The results of the survey that was initiated by the Executive Committee to elicit the views of members on the structure of the APCSW, particularly whether members would prefer a structure with more emphasis on the four nations (Scotland, Wales, Northern Ireland, England are now out.
The Executive Committee also asked for suggestions as to any changes which would make the organisation as a whole more representative, relevant and effective.
Click here to read the summary
Written by Wendy Ashton – Hospice Social Worker, Eden Valley Hospice & Jigsaw, Cumbria’s Children’s Hospice – Carlisle – September 2018
In September 2018 I suddenly found myself on ‘the other side’ of palliative care.
My sister called to let me know that the ‘gallstones’/’kidney stones’ was actually bowel cancer with liver and lung mets. She also appeared to develop Tourette’s syndrome during our conversation. “It’s not curative” she informed me. But with my experience of working in palliative care for over eight years I sort of knew that already.
It was hard trying to listen to her explain the treatment options without saying to her ‘but it’s just a matter of time, sis’. My head went into overdrive. The mets were causing the pain, not the bowel cancer. Was she constipated? Had she thought about quality of life? She was always the ‘pathetic one’ who couldn’t watch Casualty with me or stand to have injections. She could never have worked in the health sector like me. For goodness sake she’d only got her ears pierced the once because it hurt.
My heart was in my boots and tears were flowing down my cheeks, but you can’t see down phones can you? I stayed calm and agreed with her that life is cruel and hers will be probably shorter than mine. But hey – any of us could be run over by a bus or drop down dead at any time. Oddly that scenario didn’t help.
The plan following her oncology appt was to have some chemotherapy at the Hospital that had diagnosed the cancer. She could have gone to a Cancer Care Specialist Centre in the neighbouring city as that was actually her catchment hospital. I talked to her – probably as a professional – about how this is a great unit and they do all sorts of wonderful stuff. As a sister I thought, “you have to go for the best because I don’t want you to die just yet”. However, her trust was in the diagnosing unit so I respected this and shut up.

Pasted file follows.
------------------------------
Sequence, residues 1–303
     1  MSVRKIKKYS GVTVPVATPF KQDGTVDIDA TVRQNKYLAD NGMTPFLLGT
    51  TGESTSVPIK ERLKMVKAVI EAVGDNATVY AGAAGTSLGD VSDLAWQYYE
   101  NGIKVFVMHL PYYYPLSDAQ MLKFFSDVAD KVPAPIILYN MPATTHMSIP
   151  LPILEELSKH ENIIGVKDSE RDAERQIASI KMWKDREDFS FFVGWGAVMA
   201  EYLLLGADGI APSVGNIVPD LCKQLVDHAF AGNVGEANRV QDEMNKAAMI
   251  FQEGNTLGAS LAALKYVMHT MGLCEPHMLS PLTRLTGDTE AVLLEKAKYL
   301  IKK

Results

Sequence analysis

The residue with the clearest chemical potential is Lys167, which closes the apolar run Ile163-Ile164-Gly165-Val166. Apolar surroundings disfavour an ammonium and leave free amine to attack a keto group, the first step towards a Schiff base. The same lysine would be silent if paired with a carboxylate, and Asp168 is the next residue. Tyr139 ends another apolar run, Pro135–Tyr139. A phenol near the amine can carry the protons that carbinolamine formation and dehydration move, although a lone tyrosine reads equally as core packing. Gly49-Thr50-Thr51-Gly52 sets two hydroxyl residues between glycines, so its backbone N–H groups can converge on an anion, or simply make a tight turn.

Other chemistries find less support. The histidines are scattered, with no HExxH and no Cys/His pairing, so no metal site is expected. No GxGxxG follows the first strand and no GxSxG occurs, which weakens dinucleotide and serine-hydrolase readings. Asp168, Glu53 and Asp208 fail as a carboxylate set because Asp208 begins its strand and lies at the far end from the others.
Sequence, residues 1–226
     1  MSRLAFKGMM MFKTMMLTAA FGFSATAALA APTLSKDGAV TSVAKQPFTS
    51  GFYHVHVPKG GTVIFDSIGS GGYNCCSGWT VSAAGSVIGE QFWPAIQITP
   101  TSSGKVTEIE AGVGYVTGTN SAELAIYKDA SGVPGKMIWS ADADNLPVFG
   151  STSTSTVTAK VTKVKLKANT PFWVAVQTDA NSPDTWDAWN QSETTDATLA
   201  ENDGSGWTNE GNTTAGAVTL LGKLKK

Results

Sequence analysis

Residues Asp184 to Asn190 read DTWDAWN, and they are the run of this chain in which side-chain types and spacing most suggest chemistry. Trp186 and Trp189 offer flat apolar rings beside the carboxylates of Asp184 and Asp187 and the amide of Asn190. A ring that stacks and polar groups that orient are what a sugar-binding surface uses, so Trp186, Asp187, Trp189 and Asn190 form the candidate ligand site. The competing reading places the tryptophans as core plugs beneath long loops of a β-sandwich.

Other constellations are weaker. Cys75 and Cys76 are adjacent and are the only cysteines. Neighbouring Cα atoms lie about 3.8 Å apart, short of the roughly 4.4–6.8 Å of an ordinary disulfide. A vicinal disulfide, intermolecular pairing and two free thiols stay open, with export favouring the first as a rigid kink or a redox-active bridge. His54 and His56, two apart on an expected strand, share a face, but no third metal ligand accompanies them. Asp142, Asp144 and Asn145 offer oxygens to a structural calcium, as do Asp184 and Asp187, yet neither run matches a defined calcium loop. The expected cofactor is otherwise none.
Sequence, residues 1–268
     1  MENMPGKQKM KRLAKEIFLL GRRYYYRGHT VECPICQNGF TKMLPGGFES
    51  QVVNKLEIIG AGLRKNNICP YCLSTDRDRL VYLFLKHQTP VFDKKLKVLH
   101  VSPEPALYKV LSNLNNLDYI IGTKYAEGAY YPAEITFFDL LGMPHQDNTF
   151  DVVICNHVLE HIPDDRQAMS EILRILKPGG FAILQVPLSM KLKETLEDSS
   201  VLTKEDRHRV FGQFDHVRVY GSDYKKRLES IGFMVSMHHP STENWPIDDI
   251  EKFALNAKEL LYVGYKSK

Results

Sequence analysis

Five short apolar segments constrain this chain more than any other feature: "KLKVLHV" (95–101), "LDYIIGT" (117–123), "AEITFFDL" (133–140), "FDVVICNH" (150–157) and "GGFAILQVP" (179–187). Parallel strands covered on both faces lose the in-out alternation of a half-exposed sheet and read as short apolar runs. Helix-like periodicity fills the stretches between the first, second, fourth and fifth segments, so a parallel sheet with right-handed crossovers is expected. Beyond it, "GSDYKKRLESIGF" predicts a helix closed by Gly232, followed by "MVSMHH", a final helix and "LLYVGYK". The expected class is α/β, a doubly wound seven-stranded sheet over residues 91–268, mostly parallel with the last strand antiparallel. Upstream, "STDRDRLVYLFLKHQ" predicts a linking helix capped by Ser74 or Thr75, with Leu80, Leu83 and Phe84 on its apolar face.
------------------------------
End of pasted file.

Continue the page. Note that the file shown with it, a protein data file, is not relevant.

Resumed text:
I tried really hard over the next few months to be her sister and not let my knowledge and experience intervene. It is so, so hard……
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‘The Other Side’ by Wendy Ashton
Written by Hilary Wilson – Macmillan Family Support Worker and APCSW member – September 2018
In June 2002 I was persuaded by some Palliative Care Nurses with whom I worked in my role as the Social Worker for the cancer ward at Ipswich Hospital, to apply for the position of the newly created role of Family Support Worker for their team. I wasn’t looking for a change of job, or even full time work, but the job description appealed. It felt like it had been written for me, making use of all my life and work experiences, and all the parts of those that I loved the most!
I was fortunate, I got the job! And then I had to set up the service. A new job, a mandate to work with the Palliative Care teams in the hospital and the community and to support families in whatever way was needed who were known to those teams.
14 years later I am retiring, but what a time I have had! Working in the NHS and in front line cancer services has been challenging. Setting up a service that didn’t duplicate other services already out there and that looked at the needs of the family as a whole felt like going back into the Social Work that I was trained to do in the 1970’s. Being a one man band also had its challenges, but also its benefits. Finding that actually it was often the children and young people who were the ones who needed support most fitted my love of working with that particular group. Working with many highly skilled practitioners from all sorts of different backgrounds, and then being able to develop good working relationships with schools. Setting up training for staff here at the hospital and also in schools. Being available for patients and families at the point of diagnosis and sometimes supporting them throughout their cancer journey, regardless of outcome. Supporting families in their grief, and helping schools to provide the best support too. Learning just what an impact cancer can have and the difficulties and stress of having to live with it, sometimes for many years, but without cure. The privilege of sharing some of the most difficult times of people’s lives not because I wanted too, but because they wanted or needed something that they felt I could offer.
I discovered the APCSW soon after starting the job and joined up. Whilst not the most regular attender at regional meetings – being a lone worker with no admin back-up had real challenges when it came to being out of the office for the day, to say nothing of annual leave – I loved all that is has provided. There are 2 particular highlights….
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Personal Reflections from Hilary Wilson (Macmillan Family Support Worker and APCSW member)